German State-Owned Portigon Collection Plan To Save Works From Deaccession


In January of this year the German state-owned bank Portigon AG of North Rhine-Westphalia, the rebranded successor of the WestLB which folded in 2012 during the financial crisis, decided to deaccession its entire art collection. The bank holds approximately 400-pieces of art, which includes works by Pablo Picasso, August Macke, Joseph Beuys, and Günther Uecker. Now preliminary measures to save the art collection of the state-owned bank, have been introduced by officials in the German state, Monopol reports.

The officials have presented a three-step plan devised to save the collection of Portigon, the bank considered selling its museum-quality art collection to pay back an EU bailout loan.

To secure the most valuable works of art in the WestLb collection, NRW Minister of Culture, Ute Schäfer, announced on Monday that an initial export ban has been imposed on eleven artworks by placing them on the list of nationally significant cultural artefacts. The items include artworks by August Macke, Henry Moore, and Max Ernst.

“These entries are just the beginning,” Schäfer said, adding that there is an additional sixty works of art that were currently being appraised to determine whether they are eligible for protection under German heritage legislation. A process that would prevent the works from being sold to oversees collectors or institutions.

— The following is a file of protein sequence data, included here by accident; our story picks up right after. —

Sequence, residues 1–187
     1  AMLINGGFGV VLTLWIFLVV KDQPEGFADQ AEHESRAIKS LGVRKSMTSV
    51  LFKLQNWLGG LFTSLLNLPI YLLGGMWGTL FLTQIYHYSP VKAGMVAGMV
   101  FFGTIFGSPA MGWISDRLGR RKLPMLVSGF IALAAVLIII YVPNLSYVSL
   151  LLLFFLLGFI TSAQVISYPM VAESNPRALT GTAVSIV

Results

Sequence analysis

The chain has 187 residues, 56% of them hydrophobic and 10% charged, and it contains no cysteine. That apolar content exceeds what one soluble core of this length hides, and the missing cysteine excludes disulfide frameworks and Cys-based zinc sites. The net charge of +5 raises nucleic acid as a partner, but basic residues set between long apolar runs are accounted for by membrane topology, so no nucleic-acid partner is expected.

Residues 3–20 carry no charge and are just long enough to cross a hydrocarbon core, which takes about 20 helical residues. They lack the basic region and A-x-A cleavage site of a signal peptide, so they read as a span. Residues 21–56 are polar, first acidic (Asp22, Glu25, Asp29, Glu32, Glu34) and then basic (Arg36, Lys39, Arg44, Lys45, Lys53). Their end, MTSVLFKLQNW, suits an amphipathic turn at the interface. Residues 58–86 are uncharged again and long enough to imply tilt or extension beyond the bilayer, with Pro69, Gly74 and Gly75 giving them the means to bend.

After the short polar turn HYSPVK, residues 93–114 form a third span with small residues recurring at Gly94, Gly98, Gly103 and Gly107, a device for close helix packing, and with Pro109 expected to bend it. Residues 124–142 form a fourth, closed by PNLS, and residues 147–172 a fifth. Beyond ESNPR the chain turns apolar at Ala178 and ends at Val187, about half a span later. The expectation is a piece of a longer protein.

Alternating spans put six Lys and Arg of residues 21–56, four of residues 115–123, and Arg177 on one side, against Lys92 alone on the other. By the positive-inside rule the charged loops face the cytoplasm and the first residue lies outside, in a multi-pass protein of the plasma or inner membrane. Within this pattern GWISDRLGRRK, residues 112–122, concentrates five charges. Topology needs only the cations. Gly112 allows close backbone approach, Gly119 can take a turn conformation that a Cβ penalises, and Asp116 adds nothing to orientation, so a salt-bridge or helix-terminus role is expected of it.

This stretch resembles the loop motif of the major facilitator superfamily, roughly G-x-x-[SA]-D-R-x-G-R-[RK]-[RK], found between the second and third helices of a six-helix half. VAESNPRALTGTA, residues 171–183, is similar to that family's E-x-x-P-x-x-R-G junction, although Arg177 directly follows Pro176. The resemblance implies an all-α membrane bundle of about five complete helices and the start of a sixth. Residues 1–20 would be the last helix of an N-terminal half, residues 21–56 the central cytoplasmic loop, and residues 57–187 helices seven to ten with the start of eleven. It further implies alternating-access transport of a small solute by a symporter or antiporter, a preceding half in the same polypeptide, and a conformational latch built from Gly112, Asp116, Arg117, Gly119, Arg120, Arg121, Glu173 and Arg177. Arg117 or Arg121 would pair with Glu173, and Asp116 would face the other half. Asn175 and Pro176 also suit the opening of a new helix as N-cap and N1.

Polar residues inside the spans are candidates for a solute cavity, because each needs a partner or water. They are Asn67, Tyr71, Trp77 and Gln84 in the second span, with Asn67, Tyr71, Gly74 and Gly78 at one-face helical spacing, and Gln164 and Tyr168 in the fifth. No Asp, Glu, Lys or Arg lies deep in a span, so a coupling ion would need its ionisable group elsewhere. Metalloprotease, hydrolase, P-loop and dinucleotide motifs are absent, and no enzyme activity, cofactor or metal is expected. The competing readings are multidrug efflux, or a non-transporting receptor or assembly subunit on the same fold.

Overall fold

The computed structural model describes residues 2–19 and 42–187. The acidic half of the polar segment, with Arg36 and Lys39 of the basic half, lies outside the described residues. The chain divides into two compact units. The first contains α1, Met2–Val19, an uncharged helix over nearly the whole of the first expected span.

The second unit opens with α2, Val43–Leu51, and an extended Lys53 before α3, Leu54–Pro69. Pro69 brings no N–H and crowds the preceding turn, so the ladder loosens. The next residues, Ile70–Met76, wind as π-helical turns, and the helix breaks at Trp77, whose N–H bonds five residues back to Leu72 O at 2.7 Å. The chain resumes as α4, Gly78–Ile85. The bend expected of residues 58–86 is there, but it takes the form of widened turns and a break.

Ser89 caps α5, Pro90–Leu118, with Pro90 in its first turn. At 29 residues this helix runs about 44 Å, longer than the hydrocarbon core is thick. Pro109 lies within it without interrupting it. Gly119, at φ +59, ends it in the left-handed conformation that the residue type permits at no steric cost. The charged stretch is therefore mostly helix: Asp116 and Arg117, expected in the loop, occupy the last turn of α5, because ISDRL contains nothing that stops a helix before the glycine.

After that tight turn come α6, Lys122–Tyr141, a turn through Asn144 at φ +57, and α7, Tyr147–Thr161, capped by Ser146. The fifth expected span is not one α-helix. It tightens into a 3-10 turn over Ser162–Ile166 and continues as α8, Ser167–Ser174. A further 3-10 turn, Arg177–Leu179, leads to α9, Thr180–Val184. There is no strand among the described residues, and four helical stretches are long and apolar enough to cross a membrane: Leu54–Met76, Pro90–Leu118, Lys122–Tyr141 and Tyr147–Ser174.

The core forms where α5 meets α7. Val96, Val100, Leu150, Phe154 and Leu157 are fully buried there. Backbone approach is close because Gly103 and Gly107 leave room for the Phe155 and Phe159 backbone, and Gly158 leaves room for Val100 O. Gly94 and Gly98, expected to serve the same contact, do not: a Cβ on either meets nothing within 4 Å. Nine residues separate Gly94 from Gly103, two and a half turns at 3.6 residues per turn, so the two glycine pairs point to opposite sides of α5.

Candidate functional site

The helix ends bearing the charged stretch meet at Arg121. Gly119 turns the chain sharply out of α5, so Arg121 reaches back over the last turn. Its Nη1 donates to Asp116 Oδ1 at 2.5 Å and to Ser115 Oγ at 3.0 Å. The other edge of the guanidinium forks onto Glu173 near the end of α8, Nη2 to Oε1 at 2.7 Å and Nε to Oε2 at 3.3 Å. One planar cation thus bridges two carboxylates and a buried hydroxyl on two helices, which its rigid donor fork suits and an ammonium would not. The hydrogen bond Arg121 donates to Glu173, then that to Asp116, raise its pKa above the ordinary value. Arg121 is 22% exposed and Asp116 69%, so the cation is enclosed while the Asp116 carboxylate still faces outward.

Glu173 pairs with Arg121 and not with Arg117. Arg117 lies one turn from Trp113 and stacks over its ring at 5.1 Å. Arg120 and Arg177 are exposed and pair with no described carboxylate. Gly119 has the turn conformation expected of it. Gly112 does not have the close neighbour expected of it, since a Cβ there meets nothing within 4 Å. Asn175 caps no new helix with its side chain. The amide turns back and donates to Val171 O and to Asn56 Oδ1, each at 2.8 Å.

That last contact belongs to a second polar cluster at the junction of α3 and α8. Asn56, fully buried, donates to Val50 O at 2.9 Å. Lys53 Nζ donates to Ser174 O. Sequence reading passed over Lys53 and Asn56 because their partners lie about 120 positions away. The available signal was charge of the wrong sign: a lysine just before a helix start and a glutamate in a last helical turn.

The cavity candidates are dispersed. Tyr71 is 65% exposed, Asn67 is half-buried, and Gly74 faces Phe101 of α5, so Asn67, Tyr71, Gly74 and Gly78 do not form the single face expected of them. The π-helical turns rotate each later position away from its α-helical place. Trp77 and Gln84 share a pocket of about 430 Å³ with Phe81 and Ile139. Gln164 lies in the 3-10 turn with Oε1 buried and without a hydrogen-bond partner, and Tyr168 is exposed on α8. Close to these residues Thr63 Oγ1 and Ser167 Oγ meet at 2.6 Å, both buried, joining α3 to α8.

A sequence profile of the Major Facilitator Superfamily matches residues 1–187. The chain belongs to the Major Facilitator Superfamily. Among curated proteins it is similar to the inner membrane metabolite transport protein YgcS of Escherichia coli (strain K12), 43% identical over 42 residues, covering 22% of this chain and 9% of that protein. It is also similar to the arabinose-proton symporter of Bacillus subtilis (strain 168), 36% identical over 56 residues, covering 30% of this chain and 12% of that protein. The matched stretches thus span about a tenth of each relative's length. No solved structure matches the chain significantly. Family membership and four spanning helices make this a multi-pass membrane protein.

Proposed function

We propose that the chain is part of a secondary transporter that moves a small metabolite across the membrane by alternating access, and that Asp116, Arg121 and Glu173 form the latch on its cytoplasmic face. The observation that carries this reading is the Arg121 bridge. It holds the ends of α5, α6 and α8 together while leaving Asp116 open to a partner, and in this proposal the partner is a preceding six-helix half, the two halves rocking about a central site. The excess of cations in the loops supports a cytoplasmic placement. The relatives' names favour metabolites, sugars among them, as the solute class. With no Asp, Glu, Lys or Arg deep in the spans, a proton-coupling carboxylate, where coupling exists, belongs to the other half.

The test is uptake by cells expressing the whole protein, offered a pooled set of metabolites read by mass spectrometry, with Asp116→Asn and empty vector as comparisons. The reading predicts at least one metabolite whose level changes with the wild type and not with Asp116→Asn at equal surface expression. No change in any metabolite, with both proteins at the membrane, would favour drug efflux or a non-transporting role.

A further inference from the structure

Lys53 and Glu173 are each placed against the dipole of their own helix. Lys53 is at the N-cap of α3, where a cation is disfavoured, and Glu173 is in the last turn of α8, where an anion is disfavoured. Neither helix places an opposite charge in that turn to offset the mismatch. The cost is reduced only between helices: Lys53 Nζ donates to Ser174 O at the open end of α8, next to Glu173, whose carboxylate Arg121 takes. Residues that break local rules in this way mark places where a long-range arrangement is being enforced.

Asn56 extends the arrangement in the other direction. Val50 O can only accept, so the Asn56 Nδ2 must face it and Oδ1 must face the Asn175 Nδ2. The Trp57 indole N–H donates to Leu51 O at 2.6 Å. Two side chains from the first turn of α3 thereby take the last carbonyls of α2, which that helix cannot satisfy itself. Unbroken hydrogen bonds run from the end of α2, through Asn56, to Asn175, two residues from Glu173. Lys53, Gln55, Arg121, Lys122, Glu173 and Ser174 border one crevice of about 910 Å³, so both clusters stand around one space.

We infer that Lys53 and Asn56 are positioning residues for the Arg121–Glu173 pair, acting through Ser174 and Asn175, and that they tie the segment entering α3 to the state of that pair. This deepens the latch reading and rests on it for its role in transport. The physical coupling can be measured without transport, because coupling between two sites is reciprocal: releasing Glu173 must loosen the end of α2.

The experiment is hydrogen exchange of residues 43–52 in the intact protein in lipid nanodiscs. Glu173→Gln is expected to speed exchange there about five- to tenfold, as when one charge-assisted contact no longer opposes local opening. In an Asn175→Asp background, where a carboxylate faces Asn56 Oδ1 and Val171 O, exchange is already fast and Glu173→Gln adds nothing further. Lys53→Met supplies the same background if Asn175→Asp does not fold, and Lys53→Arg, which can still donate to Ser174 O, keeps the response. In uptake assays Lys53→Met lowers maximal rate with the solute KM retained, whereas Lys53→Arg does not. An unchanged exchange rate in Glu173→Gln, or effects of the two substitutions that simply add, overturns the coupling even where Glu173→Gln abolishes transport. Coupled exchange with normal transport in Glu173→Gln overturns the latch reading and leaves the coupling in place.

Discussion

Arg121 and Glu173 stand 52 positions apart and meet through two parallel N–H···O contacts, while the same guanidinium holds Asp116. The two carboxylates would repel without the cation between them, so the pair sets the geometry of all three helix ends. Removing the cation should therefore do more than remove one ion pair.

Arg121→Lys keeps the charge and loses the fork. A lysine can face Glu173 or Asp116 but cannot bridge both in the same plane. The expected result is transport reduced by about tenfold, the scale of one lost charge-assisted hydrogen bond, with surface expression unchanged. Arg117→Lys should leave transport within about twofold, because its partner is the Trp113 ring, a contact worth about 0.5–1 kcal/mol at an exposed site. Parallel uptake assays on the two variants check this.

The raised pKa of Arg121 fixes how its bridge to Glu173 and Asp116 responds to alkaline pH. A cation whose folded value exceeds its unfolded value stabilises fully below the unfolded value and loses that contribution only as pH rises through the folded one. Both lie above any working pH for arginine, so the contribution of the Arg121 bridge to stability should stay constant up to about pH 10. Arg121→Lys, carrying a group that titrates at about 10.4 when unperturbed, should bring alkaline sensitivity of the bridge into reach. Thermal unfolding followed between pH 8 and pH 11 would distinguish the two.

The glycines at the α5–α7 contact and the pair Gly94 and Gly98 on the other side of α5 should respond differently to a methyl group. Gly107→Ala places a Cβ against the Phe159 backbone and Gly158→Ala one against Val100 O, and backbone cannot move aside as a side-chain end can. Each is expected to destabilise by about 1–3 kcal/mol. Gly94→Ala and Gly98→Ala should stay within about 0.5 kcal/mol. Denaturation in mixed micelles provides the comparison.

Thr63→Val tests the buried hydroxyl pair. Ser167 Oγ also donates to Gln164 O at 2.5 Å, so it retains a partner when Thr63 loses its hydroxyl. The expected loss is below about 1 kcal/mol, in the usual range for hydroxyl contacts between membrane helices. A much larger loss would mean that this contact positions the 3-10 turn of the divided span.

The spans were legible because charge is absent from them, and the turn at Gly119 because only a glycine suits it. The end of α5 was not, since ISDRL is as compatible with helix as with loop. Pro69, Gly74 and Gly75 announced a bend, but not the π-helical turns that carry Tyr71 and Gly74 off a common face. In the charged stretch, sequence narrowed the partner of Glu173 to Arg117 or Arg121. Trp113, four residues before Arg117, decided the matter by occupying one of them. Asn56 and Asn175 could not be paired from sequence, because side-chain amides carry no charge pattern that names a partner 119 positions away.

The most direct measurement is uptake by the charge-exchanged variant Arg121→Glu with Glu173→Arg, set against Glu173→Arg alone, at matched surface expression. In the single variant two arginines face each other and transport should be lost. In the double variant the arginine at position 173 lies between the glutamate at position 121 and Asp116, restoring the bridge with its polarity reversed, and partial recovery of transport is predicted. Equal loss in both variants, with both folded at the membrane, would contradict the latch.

The collection is now in the process of being transferred to the state collection of North Rhine-Westphalia, following a proposal by the CDU opposition in the NRW parliament,. The works are to be bought by NRW for the state-owned museum at the collection’s insurance value, which stands at €28 million, or £20.3 million.

The acquisition will reportedly be paid for with proceeds from the two state-owned Warhol’s which were sold at Christie’s in November for $151.5 million, or £109.5 million.


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